I don't want to start using QOpenGL wrapper and find out that I can't use the full capability of OpenGL API
Well, Qt 5.0's OpenGL wrappers are built on top of the OpenGL ES (Embedded Systems) 2.0 specification which is essentially a watered down version of the desktop OpenGL 3.0 specification. Qt chose this specification to facilitate portability as it is widely supported by mobile platforms in addition being supported on nearly all modern PCs. If you choose to use the Qt wrappers you have to work around the shortcomings of the OpenGL ES 2.0 specification which, for the most part, fall into the following categories:
- No fixed-function pipeline capabilities. (no transformation stack,
- No support for advanced OpenGL 3+ capabilities or support only in extensions. (texture buffer objects, compute shaders, atomic load-store textures, tessellation shaders, uniform buffer objects etc..)
- Lack of certain texture formats (integer textures, image textures, etc..)
- Small differences in GLSL syntax & semantics. (lack of layout qualifiers, data precision requirements via
lowp declarations, etc..)
- Lack of some convenience methods. (
For a full description of the OpenGL ES 2.0 specification look here.
However, This lack of features does not mean that the Qt wrappers can not accomplish what you need. Although OpenGL ES 2.0 is missing a lot of helpful functionality, you can still accomplish 99% of what the full desktop OpenGL specification would allow. If you decide to utilize a desktop OpenGL specification via custom wrappers, Qt can still manage the creation & windowing of desktop OpenGL contexts through the use of the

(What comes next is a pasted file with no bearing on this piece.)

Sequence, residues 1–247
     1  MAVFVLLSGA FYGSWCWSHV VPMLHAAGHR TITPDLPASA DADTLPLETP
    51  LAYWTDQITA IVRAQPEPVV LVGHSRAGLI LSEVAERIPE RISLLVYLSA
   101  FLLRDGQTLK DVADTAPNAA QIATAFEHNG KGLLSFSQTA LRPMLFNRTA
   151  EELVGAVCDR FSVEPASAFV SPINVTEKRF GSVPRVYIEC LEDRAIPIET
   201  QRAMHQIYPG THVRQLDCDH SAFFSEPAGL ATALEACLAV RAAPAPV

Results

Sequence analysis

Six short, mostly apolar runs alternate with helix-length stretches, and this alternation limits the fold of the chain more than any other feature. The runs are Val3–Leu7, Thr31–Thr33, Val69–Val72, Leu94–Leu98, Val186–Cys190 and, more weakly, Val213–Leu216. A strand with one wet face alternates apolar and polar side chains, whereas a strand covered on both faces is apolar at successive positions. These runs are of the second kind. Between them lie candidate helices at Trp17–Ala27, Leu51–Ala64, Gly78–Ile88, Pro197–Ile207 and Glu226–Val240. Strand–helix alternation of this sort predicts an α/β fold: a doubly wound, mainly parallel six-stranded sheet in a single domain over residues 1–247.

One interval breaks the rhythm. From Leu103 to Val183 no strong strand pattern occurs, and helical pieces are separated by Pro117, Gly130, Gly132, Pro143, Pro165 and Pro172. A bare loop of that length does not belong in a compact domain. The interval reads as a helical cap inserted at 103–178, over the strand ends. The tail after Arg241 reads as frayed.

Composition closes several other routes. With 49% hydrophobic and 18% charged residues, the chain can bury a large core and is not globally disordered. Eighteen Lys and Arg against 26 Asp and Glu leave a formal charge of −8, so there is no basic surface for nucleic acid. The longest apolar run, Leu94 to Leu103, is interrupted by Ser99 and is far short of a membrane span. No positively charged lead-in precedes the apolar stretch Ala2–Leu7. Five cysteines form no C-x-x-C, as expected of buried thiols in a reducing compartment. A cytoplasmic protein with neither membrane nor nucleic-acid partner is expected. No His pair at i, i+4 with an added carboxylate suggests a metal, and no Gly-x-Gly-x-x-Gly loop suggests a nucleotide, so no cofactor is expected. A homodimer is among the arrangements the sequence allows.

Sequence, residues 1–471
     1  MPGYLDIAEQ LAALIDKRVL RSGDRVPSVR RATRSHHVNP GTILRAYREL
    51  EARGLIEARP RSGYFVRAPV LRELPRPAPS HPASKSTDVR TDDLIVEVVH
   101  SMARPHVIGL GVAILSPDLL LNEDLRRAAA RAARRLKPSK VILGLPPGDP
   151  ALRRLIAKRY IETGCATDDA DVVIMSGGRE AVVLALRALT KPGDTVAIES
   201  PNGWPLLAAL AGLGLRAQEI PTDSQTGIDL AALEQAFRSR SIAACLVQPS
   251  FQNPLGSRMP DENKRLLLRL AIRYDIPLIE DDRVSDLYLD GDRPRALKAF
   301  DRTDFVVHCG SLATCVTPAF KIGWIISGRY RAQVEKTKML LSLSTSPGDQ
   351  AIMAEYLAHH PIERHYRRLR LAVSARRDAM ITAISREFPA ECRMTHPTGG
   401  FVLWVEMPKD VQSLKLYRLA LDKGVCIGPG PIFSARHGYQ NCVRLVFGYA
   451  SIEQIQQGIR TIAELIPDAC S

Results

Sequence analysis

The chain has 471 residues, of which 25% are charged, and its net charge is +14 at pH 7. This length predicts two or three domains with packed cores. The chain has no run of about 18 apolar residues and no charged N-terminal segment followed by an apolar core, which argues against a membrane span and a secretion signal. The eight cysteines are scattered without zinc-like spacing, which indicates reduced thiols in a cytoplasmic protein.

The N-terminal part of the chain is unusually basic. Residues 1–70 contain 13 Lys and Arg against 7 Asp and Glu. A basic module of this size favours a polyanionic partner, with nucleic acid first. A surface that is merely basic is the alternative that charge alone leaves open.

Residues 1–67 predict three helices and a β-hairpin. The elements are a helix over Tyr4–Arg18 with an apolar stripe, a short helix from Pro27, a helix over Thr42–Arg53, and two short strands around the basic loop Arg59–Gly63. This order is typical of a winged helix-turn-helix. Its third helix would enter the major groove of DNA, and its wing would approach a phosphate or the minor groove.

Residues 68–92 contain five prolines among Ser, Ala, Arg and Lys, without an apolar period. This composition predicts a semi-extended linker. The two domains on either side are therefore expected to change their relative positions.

Keep in mind that if you decide to use desktop OpenGL wrappers, and utilize these within a Qt application, some classes provided by Qt may interfere with the operation of your custom wrappers. For example, QPainter operations on a QGLWidget may utilize functionality of the OpenGL ES specification and might interfere with the operation of your wrapper objects.
Personally, I prefer to use custom OpenGL wrappers as I greatly prefer the desktop OpenGL specifications as the feature sets are better defined and they provide more options to tackle a problem with. On the other hand, Qt 5 provides some absolutely fantastic architectures for making quick, powerful dynamic user interfaces using OpenGL ES. (Through by QtQuick 2 and QML)
Which API suits your needs best essentially comes down to whether or not you are targeting embedded or mobile platforms (in which case your forced to use OpenGL ES), and whether you are willing to sacrifice additional development time writing and maintaining custom OpenGL 3+ wrappers.